extremely well for data there is no kind of pre-moderation and so forth so um i think that having those kind of uh uh sort of labels to help orient readers about what a preprint is is extremely um extremely valuable and extremely important oh yeah yeah yeah i want i want to add on that i i was also not surprised at all that all those preprints were picked up by media um because uh i i've noticed this tendency of these days in in or maybe i should express a wish of mine the wish of of of seeing in the in the media outlets uh a journalist madrid somehow also a bit more responsible and slower and doesn't necessarily um catch the the fastest piece of news at the highest velocity possible i would like to have two or three news per day that i know where the journalist has actually read understood you know verified the the sources of their data the sources of the information rather than having 150 little pieces of news that are just you know uh not very reliable so that's one thing any other thing to me the fact that all these preprints were not always used with with caution shows once again that there is a gap between science and society i'm i'm seeing this in this special crisis because um talking about preprints with family with my family with my friends with colleagues that not necessarily have done a phd or know what does it mean to publish an article there's still a lot a lot a lot of people out there who don't know what a preprint is and why you shouldn't trust the preprint who don't know what a peer review is and you would expect instead of but no actually you wouldn't expect of a journalist to necessarily know that unless the journalist has an academic background or is a scientific journalist who talks with scientists so this dialogue if this dialogue were in place and were more systematic perhaps also the the abuse of preprints could be limited together of course with very nice big red disclaimer that say this has not been peer-reviewed do not cite do not quote or whatever you know like like jessica was mentioning yeah so i come back to the question with the research data and whether we will lose this race again with the publishing industry um because another question popped up related to the current discussion and this question is as follows many emma publishers academic scientific publishers have provided and this is indeed very true free access to research during the pandemic and also offer open access publication options so that is also something we have experienced so it's not only the pre-print culture it's also that the publishers have you know put an open access license on their publications and there's something more that publishers can do well i certainly think that they could extend free access to all literature i would argue that cover 19 is a really important uh and pressing problem but so is climate change so does cancer so there's all research ideally yeah so that is maybe a good example for open washing because here you know now the publishers if just to provoke they could argue okay we have made everything openly available because for the covet corona pandemic and you argue well you could have done the same for the climate change for you know whatever global crisis yeah because one might also argue okay they have opened up a copy 19 articles so for for the emergency time when are they going to be closed again how much permissive is the license can the data be reused uh are these uh creative commons distributed i mean is it actually open access is it just and fair or you know you label it as open access and i can sleep at night it's a good question okay and there is still the open question on the research data and the question just repeated is that the same thing happen in the context of research data and other outcomes as in the area of open access publication so and indeed like within the european open science cloud association which is the association to set up and run the eos we have a controversial debate on to what extent [Music] companies with the commercial objectives should be included into like the membership and if so um to what extent can they become you know a member of a board of directors because they might you know steer things in there or according to their commercial interests and as you know the eos is very much about the research data management in europe so it's the risk it's super controversially discussed at the european level what's your opinion about that who wants to jump in just a little bit from our and again it's it's it's from a higher policy level at our side um again it's a good thing that uh things are are discussed and that now there are some you know good practices to build upon and there are some innovations to build upon um and and just because there is an issue it doesn't mean that we cannot solve it right uh so if the tendency is for open data open data like any other you know anything that is open is open in a certain context right so if that context is is properly defined if the communities agree if there are agreements etc uh fair data is one of the ways of kind of uh explaining and giving principles to what is open and how but it's also a restriction right open fair data is not all data so um i i think more and more we will have tools to talk to each other to people who have different interests different stakes different stakeholders in this area and it's not something to be afraid of because it's the reality of things so if you do want to move forward with it then that discussion has to be has to be taken and there are hopefully good practices to be shared more and more coming up even with regards to the publishers and the way you know there are some attempts to open up as much as possible but they of course still have to be thinking about what's their what's their benefit so there are some new things to be told about did you encounter in your research you know difficulties with accessing research data because it was you know somehow behind a whatever license wall or is everything openly available for you i mean in the in the general omics field there are huge movements that you publish also your data um and also your raw data so this i i have to say if it's published it was available for me um there's this huge database called metabolites for example where metabolomics data is available and um so in this regard i think also because the these yeah disciplines are relatively new and maybe there's a different culture from the start to say i mean i i would like to take this part of the discussion to to open up among the view to what's like the world and there's a question which says how do you see contributions and research needs around corona in africa iberio america asia represented in the global race against the virus i i still remember it in the when the pandemic began early last year it was very difficult to get any data from china for evaluation like for example to what extent are kids affected by the virus are they more vulnerable than adults we didn't get this information even though the information we thought was available in in china so i think um a global transparency of the data
for for in this particular case would have helped to also speed up the development of the vaccines so how do you see contributions and research needs for the other parts of the world not only in europe or in the us but in the questions it was mentioned africa ibero america and asia i think that what you call a global transparency and global collaboration is certainly a good desire a good wish but i also think it's important like anna was was mentioning a few questions before that we don't we shouldn't overcome the local differences and the diversity of the of the communities right um so that's one thing and the other thing when i look at um when i look at science and the sciences get published today i see that one of the major obstacles to reach this this global transparency is sometimes the language we tend to assume that everything that it's published on the web and that it's in english it's the you know the real source it's in english it's good it's it's i i know how to read it most of us scientists to learn uh how to speak english even though it's not my our mother tongue but like this we are overcoming a good portion of literature that it's published that it's produced that it's that needs to stay in native languages because of the dialogue with society because of the dialogue with uh policy makers so one of the things perhaps uh um would be to to to use uh these days with machines we can do this right to translate and to try to to keep our mind open beyond english which of course we need because we need to all understand each other but not not all the information and not all the resources that the world needs to overcome this crisis are out there in english we should not touch ourselves uh from this idea and i speak in premise about myself yeah to be as um did you encounter similar um difficulties in in your environment like interoperability of the data so if you want to access data from africa or if africa wants to access data from your site that like the point of failure is lack of interoperability i mean of course interoperability is a huge issue but for example now in in fighting the pandemic there is a solution that was actually developed starting with the ebola crisis um this is called somas and it's a pandemic management tool for the local public health service and these this this opens up it's also open source and compatible with dhis2 and all these data standards that are available now and for example all of nigeria is using it and germany struggles to roll it out at the moment but for example france and switzerland are using it and um and fiji is using it and it's it's very yeah very broad and i think this could be for example the nucleus for a global open data standard in this pandemic actually so this might be a good example for that of course between other countries sharing these kinds of data it's also yeah very difficult um because of the lack of really well promoted standards i would say just to add on this there is hope for the future because in 2019 at a co-data conference in beijing the global open science cloud initiative was kicked off and the idea of that initiative is exactly to connect the regional activities with one another and regional activities are for example the european open science cloud the chinese science and technology cloud the african open science platform or the australian e-infrastructure which is the term they use for their open science platform so my activities have started have kicked off it of course will take a while um we have another like 15 minutes and i would like to um to address another topic which i prepared and which i consider to be important to be discussed here in the panel so far we discussed very much what science can offer to a society to politics to itself but now i would like to shed light on the benefits of and costs for science so what does it cost for us if we engage in open science for example does science benefit from open science principle to help overcome global crisis is there really an advantage or will we end up in two-class in a two-class science system some do open science invest a lot or in communication a lot in a transfer and there is another group which is doing excellent basic research getting like you know the higher cited highly cited uh publications what's your position on that and i would like all of you to give a position statement to this question who starts you so i'm afraid somebody will copy the very humble uh photo that i have no um i hope i sincerely hope that open signs would not will not act as a dividing factor on the contrary i hope that open transparent and collaborative practices will make scientists and researchers talk more to each other and be all on the same side which is indeed meet the goals and the needs of our society we should as jessica said before we should never forget this so why do we do science we do science to solve the challenges that we face of course it's also a job it we need to pay our bills and so on and so forth but that's why the focus and the mission is there having said that um i think that uh doing open science does not come without a price in terms of responsibilities and tasks if i publish a data set online i can put it in a pdf entrapped in a table that's not really what open data is i should release the metadata i should make sure it's readable by humans and it's readable by machines i need to take care of choosing a proper license i mean i need to put efforts and time in this as long as the system does not reward scientists for taking the time to do this then we can perhaps start talking about um a unifying factor so the rewarding system is shifting i believe personally that it needs to be shifting even faster towards the promotion of research integrity transparency and collaboration in place of how many papers you published the input factor of the journals where you published which we have been misused for way too long now and then that's my concluding anna it's your position on that yeah no i think i mean i i agree with the with paula and i think we would all like to see a world where you know open science is science uh but uh but it is true that there will be a transition period and that within that transition period there are certain things certain barriers maybe that need to be lifted or addressed that would allow for the entire scientific community uh to be on board with uh with open science practices etc certainly the rewarding systems evaluations of careers um is something that needs to be looked upon incentives uh all of these things all of the system has to be in place to support open science again it's not just the scientist that wants to put his data in open uh publication open open access or data out there that it's not enough the system has to be in place but it will take a little bit of time for that system to come in place and a little bit of learning to understand what is the right system in the right place for the right discipline for the right actor so um i think we have to be a little bit patient also uh and and allow this learning to happen uh as well uh and and in the meantime as as as you were saying remember why we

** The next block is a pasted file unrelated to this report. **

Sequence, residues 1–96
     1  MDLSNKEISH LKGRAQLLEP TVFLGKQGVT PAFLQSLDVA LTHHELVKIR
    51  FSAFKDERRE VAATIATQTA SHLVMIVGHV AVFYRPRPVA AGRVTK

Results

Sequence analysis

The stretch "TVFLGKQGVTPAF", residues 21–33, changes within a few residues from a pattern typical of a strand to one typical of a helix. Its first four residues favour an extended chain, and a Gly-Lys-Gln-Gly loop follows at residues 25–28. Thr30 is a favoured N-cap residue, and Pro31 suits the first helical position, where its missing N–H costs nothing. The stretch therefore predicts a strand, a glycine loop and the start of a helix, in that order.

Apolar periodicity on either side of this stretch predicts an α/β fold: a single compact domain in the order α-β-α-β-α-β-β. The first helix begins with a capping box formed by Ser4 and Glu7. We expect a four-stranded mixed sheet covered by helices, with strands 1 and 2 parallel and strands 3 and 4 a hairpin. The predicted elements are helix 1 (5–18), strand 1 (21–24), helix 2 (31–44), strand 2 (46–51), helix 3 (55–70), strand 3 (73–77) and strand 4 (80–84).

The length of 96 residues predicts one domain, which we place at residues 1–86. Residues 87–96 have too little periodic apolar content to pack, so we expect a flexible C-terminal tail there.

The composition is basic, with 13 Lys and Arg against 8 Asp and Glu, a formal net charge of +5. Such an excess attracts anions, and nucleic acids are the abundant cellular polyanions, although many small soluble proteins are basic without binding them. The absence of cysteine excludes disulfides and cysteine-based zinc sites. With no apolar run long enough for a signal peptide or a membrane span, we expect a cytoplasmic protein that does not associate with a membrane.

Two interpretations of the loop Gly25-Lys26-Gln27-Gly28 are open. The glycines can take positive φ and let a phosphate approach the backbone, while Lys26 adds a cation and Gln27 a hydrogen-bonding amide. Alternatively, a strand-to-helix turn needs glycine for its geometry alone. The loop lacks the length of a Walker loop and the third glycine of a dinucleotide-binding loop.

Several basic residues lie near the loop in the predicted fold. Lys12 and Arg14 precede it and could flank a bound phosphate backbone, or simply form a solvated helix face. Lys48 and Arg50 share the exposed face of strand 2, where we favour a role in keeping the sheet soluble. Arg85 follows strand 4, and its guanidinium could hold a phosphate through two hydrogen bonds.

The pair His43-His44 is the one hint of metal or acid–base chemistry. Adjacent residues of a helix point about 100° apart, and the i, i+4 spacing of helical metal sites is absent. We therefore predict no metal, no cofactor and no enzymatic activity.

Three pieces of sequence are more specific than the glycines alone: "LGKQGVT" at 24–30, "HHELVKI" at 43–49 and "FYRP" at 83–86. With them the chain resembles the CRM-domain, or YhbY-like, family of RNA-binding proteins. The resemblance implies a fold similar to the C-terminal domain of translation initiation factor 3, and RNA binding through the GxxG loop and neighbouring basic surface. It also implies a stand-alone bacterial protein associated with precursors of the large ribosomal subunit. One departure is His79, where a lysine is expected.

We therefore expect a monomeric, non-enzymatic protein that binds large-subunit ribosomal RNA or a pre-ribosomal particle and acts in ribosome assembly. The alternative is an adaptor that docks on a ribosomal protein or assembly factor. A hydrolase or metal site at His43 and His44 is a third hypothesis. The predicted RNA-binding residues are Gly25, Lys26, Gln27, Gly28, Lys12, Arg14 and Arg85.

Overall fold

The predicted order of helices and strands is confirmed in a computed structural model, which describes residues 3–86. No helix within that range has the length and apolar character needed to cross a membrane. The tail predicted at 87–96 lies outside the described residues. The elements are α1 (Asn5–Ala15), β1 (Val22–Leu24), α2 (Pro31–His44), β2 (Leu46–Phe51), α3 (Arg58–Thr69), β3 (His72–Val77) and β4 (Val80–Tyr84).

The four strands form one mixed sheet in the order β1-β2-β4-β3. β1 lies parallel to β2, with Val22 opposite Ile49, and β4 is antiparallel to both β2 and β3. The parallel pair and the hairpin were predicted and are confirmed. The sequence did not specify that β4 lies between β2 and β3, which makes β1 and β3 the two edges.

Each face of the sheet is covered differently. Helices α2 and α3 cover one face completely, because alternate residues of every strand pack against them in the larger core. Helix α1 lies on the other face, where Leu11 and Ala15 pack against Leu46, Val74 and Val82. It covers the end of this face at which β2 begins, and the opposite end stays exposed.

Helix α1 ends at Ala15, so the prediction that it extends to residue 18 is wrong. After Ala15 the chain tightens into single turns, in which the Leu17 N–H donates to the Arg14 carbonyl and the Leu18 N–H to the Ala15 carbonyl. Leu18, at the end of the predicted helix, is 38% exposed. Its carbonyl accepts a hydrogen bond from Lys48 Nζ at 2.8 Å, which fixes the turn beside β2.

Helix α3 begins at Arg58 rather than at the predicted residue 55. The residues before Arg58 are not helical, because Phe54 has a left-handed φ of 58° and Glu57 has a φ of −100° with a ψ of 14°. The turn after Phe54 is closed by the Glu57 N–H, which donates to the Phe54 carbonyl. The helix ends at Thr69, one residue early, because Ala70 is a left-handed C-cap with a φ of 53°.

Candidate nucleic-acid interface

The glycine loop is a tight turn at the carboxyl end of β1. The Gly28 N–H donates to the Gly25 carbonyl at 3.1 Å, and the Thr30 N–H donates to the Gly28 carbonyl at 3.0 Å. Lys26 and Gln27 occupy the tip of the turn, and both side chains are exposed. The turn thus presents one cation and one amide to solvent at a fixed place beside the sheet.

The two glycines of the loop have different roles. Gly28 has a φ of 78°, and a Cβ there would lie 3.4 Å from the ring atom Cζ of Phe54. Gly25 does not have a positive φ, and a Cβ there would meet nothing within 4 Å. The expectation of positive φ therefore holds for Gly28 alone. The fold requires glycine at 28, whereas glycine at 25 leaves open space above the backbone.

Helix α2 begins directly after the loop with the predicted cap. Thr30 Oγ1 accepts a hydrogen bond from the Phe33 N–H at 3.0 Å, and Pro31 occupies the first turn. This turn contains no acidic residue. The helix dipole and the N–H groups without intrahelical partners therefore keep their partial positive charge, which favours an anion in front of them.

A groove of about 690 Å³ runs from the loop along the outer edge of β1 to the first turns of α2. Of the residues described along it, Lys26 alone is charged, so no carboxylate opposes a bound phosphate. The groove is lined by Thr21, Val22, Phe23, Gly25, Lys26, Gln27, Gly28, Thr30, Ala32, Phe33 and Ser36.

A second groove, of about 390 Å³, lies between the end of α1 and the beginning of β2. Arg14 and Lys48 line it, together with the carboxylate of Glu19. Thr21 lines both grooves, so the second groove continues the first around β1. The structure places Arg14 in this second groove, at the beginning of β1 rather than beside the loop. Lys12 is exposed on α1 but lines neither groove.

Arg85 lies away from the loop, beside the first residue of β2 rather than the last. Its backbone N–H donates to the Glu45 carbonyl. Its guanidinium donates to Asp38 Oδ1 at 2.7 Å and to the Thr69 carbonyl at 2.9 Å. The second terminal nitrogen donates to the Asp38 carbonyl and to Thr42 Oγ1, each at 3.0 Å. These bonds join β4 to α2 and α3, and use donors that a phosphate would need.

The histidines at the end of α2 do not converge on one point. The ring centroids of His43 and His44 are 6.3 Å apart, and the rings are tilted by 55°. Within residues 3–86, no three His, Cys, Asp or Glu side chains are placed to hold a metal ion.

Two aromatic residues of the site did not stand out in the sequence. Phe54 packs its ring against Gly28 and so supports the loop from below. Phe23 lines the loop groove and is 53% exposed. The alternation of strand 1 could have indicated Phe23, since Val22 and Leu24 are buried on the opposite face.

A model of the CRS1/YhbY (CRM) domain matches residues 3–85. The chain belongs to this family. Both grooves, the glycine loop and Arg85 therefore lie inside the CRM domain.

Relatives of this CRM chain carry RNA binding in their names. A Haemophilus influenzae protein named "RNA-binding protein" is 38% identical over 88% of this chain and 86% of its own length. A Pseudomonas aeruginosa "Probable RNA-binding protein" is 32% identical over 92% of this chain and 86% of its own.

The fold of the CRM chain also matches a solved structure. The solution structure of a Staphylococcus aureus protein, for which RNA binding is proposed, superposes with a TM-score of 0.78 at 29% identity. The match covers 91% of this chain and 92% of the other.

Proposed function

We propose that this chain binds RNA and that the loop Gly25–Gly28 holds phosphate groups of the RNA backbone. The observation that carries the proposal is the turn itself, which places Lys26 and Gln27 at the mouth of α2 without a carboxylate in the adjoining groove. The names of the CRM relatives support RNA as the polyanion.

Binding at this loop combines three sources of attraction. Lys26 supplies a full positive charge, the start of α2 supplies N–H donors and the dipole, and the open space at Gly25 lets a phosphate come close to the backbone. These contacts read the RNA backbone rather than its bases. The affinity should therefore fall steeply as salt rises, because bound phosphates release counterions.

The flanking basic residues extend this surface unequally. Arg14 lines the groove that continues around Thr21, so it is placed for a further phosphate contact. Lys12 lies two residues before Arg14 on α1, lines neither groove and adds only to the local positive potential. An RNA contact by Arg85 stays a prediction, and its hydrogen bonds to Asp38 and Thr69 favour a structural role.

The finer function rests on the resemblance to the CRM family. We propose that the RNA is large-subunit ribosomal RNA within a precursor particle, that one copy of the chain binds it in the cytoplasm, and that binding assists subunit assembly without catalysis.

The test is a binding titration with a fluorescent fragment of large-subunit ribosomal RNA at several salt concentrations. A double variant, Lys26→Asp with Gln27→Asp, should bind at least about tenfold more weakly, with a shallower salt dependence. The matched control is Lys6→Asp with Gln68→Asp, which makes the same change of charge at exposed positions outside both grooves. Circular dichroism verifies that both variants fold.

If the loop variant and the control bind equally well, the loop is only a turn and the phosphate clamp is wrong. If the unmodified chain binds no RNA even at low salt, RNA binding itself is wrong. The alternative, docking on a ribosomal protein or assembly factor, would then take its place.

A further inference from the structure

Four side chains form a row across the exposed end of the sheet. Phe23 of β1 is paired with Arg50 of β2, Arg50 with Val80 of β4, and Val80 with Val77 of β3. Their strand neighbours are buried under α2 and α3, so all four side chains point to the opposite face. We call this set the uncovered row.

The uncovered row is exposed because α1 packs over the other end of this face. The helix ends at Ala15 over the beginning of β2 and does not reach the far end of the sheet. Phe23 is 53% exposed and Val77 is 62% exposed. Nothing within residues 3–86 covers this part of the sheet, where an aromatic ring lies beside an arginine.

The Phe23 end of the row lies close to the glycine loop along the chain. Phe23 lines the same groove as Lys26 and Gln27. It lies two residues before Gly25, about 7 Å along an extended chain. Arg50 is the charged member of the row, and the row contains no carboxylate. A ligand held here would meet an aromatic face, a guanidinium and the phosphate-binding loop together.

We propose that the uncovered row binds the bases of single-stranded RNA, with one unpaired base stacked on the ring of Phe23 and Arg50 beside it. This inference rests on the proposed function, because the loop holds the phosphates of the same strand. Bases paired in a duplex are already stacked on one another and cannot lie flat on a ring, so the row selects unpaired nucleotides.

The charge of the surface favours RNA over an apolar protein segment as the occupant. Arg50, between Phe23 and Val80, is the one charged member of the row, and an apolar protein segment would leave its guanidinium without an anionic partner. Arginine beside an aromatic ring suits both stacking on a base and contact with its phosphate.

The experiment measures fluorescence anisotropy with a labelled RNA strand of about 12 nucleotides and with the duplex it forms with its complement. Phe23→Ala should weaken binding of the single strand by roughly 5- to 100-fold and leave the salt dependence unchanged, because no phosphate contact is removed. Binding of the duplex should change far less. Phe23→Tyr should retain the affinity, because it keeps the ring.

are doing all this and what the purpose what the purpose of it is it is to advance knowledge even if it's not to address a specific need one day sooner or later it might but it is also to address specific needs of of humanity so that would be all from from my side before i hand over to jessica and tobias i just would like to make it more specific i have been in open science award committees so we had to select those who did the best open science performance in their research and the criteria were not like high-ranked journals it was not you know good conference publications or number of phds which resulted from a specific project it was real really very much science for and with a society and there we have different criteria and we have had the talk of hillary who presented the open science registry of rda and i think there was a question from the audience which said okay isn't that a contribution to divide science into two parts the open science part and the um well traditional science um apart so um maybe that this for a further as a further trigger for jessica's and to be his answers yeah i mean i think that i just want to echo what has already been said on this point that i i think that there are um certainly different communities that are practicing in different ways so if you look at different fields across different fields there's different practices regarding data sharing the adoption of preprints especially is something that does not occur all at once we're at a constant rate but certain communities come together and they establish norms within their own communities uh what um you know how how we practice science are we going to post pre-prints are we going to share our data um and as this culture that typically that happens um not uniformly but within these groups um so i definitely think that um over my i'm very optimistic that over time [Music] it is it is going to be something that will be adopted um because you know i think there is like a strong logic and a strong moral logic behind open science practices that i believe will prevail uh i do think that to the point of kind of making it appear that there are two universes or that there's a distinction um i i think that it is really important to you know to to to base this point earlier of measuring of keeping track of things like it is we need to create the um impression that there is momentum um and you know by doing so we may be highlighting the differences between certain entities that are supporting open science and others that are not but i do think that this is hopefully a unstable intermediate of a system that is in the process of evolution thank you and tobias what's your stake on this yeah so it's it goes very much along the lines also is everybody and especially paola of course um we have a current reward system and the reward system is shifting and it's coming along with open science and um i'm in a very privileged place because berlin with the bh4s center and everything is is going really i think in the right direction um so we we i think um we really need to come um to come to an understanding that along with open science you have many many aspects shifting and there are many cultural changes going on right now and of course this takes a lot of time and a lot of effort and you need people pulling it it's a grassroots thing and the grass has to push basically okay thank you very much i would like to come to the closing question and i apologize to the audience to our 189 attendees out there that i cannot take up all of the questions you have post in the chat i have so many here they do not fit on one screen i really have to scroll a while until i'm down of the list of questions so a big apology is that i cannot go through all of them and now the closing question to all of you um would be the following one could you give a statement a short statement on what you have learned from the current pandemic in terms of open signs and more important how and where can we improve for the future paula could you start i think we have learned or at least i see that we have learned that we can't afford any more to choose there's no question anymore should we do science openly or close to open science is the way to go and i believe we are all on the same page now and the other thing that uh the lesson also learned and that's what i believe we need to do a bit better is how do we make open science a reality what are the tools and the services the infrastructures the resources that we need to be able to do it in a conscious and responsible way which is not just pre-printing and i'm done but it's really putting all these skills and these blocks together to make sure that we transition to it in a in a conscious responsible way thank you anna would you like to give your final statement yeah sure uh no i i also think that we've seen from the uh uh from this crisis that open science definitely is the way to go but it has also shown some of the challenges that we do have uh when things are open when things are out there and we i think to be sure that open science happens in the best possible way and reaches the objectives and its potential we have to address some of these challenges and we really have to forge these partnerships among the different players in the open science field there are many of them we've learned about some that we didn't even know were there before this uh crisis and now the question is how do we put them all together so that we are all going in the same direction or growing in the same way as tobias was saying to be us it's your turn yeah i mean all this openness also um provokes a lot of trust and i think this is one thing we we can build up on and of course now that the scientific process is so much in the focus of the general public um i think this also gives a new flashlight onto the process itself and um where maybe there are difficulties in this process and again the reward system but what is good open science is also not really defined when we are honest and there are no no tokens or badges you receive or something um and we it will come but also this comes then again from our experiences and experience takes time of course so thank you very much and jessica you have the final word before i close the panel um just to echo what others have said um open science has been really essential the covet 19 crisis but it's also shown us that we can't just view open science as putting our work out there and considering that done there needs to be a process of open communication of open feedback of public peer review and acknowledgement that science is changing we need to help readers and our colleagues accelerate that process and make it as robust as possible thank you very much i would like to thank all of you and i've learned from david that we can give a digital applause and i'm sure the 190 people around the world will also congratulate you for your great contributions thank you very much also to our attendees for them the many questions they have raised so that was indeed a very um inspiring panel discussion um thanks a lot and thanks again to you paola jessica anna and tobias and i close the panel and hand over back to david thank you thank you thank you very much